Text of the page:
Health

Cases against Monsanto’s glyphosate double in a month

The German drugmaker now faces 8,000 cases in the US against its weedkiller

 
By DTE Staff
Last Updated: Friday 24 August 2018
Glyphosate
Efforts to ban this chemical, labelled carcinogenic, are on across the world. Credit: Vibha varshney/CSE Efforts to ban this chemical, labelled carcinogenic, are on across the world. Credit: Vibha varshney/CSE

A month ago, Down To Earth had reported that the number of cases in the US against Bayer’s Monsanto over alleged cancer risks of the glyphosate-based herbicide it produces were 4,000. But, now they have doubled to 8,000.

The German drugmaker announced this on Thursday. Earlier this month, a California court ordered Monsanto to pay $289 million to DeWayne Johnson who got terminal cancer (non-Hodgkin’s lymphoma) after using the weed killer. This was the first case being heard against the company, which has seen a 10 per cent drop in shares since the ruling. Monsanto does not even put a warning label on Roundup, one such weedkiller.

Monsanto even plans to appeal against the decision as it claims that more than 800 scientific studies and reviews support the fact that glyphosate does not cause cancer. Werner Baumann, the company’s CEO, claims that the August 10 verdict was not consistent with the conclusions drawn by several scientific studies.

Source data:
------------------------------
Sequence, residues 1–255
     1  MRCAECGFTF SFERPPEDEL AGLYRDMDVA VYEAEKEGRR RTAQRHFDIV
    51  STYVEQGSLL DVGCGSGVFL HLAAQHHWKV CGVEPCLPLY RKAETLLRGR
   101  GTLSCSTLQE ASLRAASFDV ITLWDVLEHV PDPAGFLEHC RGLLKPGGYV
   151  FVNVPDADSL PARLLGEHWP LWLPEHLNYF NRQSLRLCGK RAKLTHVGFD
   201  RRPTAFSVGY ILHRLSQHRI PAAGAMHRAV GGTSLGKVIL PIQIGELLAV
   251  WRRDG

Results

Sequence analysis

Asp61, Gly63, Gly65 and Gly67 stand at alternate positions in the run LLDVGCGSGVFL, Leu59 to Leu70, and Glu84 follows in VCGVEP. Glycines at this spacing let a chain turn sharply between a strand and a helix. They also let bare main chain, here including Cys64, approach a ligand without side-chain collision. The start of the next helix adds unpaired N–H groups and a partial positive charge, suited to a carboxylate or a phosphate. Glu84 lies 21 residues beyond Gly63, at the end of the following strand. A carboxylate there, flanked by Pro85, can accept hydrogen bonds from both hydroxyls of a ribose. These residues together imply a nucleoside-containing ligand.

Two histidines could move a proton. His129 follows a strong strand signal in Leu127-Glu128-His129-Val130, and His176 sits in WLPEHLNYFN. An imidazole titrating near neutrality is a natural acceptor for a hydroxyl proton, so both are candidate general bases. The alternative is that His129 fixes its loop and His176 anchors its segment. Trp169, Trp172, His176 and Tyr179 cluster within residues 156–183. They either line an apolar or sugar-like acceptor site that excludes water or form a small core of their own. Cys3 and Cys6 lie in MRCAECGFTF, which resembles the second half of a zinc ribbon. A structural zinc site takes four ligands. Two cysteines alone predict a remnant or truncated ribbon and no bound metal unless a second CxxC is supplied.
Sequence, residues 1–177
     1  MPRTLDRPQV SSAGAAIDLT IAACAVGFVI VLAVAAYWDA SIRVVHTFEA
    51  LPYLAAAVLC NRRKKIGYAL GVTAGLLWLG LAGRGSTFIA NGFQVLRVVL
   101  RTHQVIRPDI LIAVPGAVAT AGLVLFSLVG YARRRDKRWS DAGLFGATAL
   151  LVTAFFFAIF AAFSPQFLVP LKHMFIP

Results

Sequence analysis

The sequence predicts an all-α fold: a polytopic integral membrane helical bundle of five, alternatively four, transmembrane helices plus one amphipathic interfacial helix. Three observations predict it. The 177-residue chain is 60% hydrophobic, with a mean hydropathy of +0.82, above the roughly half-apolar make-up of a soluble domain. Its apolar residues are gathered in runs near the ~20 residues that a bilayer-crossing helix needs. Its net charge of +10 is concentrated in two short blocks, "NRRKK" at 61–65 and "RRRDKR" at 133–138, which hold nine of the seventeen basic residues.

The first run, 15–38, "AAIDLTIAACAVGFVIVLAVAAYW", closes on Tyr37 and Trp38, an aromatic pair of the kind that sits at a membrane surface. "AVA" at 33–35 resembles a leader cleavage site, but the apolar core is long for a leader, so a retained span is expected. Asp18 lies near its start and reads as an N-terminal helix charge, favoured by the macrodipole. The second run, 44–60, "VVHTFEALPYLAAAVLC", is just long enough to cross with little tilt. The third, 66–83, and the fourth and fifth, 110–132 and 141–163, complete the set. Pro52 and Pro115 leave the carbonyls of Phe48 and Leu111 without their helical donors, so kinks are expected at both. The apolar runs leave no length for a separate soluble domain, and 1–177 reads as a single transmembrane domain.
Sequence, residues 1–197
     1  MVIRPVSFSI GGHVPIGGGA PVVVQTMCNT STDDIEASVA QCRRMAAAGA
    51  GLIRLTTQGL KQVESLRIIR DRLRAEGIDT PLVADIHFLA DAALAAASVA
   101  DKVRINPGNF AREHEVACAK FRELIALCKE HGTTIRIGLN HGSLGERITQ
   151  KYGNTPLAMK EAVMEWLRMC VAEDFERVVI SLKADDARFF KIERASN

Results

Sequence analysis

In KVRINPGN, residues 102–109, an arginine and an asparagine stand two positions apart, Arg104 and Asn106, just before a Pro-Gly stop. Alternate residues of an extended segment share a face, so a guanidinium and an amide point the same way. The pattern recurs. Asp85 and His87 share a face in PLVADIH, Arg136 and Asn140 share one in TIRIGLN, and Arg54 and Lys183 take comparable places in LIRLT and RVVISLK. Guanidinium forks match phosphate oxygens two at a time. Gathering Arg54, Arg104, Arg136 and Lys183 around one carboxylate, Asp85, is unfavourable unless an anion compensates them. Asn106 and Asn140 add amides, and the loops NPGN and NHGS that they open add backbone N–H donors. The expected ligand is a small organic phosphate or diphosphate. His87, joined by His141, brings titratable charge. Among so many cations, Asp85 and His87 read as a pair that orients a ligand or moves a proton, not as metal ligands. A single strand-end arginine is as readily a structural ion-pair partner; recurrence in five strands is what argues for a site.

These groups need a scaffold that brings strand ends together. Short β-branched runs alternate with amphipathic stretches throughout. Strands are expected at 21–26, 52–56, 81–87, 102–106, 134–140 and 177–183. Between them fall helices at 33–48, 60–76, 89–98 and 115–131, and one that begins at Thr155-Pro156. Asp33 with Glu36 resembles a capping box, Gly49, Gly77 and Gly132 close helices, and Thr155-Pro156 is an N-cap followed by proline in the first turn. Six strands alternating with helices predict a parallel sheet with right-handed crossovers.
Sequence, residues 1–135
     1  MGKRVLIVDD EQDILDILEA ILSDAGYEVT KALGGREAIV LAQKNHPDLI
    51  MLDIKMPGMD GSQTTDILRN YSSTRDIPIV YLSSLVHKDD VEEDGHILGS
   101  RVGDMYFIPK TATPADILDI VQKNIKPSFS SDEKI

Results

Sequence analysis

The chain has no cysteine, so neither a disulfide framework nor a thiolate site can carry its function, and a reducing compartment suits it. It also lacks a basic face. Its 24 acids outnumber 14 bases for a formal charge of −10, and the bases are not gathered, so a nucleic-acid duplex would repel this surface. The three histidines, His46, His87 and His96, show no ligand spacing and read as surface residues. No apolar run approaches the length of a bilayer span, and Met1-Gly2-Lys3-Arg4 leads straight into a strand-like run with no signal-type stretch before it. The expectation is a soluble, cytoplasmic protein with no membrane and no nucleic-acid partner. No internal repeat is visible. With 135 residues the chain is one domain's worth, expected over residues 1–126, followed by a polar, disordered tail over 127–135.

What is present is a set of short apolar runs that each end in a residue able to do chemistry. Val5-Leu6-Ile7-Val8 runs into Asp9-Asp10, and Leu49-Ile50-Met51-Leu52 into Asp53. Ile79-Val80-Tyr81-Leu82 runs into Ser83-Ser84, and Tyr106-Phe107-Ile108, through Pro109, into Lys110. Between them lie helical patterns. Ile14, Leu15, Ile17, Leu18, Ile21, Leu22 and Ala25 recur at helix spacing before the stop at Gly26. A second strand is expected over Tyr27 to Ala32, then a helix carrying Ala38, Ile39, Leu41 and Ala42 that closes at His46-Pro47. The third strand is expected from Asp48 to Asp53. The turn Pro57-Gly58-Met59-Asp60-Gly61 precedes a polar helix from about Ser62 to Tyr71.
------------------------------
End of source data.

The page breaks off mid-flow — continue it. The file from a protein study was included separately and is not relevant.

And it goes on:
Glyphosate is a popular herbicide in India too where farmers use the chemical as an alternative to expensive manual weeding. The Telangana government had, on July 10, 2018, put restrictions on the sale of glyphosate, India's most popular broad spectrum herbicide, in a bid to curb the illegal use of herbicide-tolerant BT cotton.

Efforts to ban this chemical, labelled carcinogenic, are on across the world. In 2014, Sri Lanka had banned it when a study linked it to chronic kidney disease. However, the ban was lifted recently in June 2018 after tea plantation owners claimed that the ban led to economic loss. In November 2017, Argentina too tried to ban it but failed. An Argentine study published in April 2018 shows that in areas of that country where glyphosate-tolerant GM soy is cultivated, miscarriages are three times the national average and birth defects are two times the national average.

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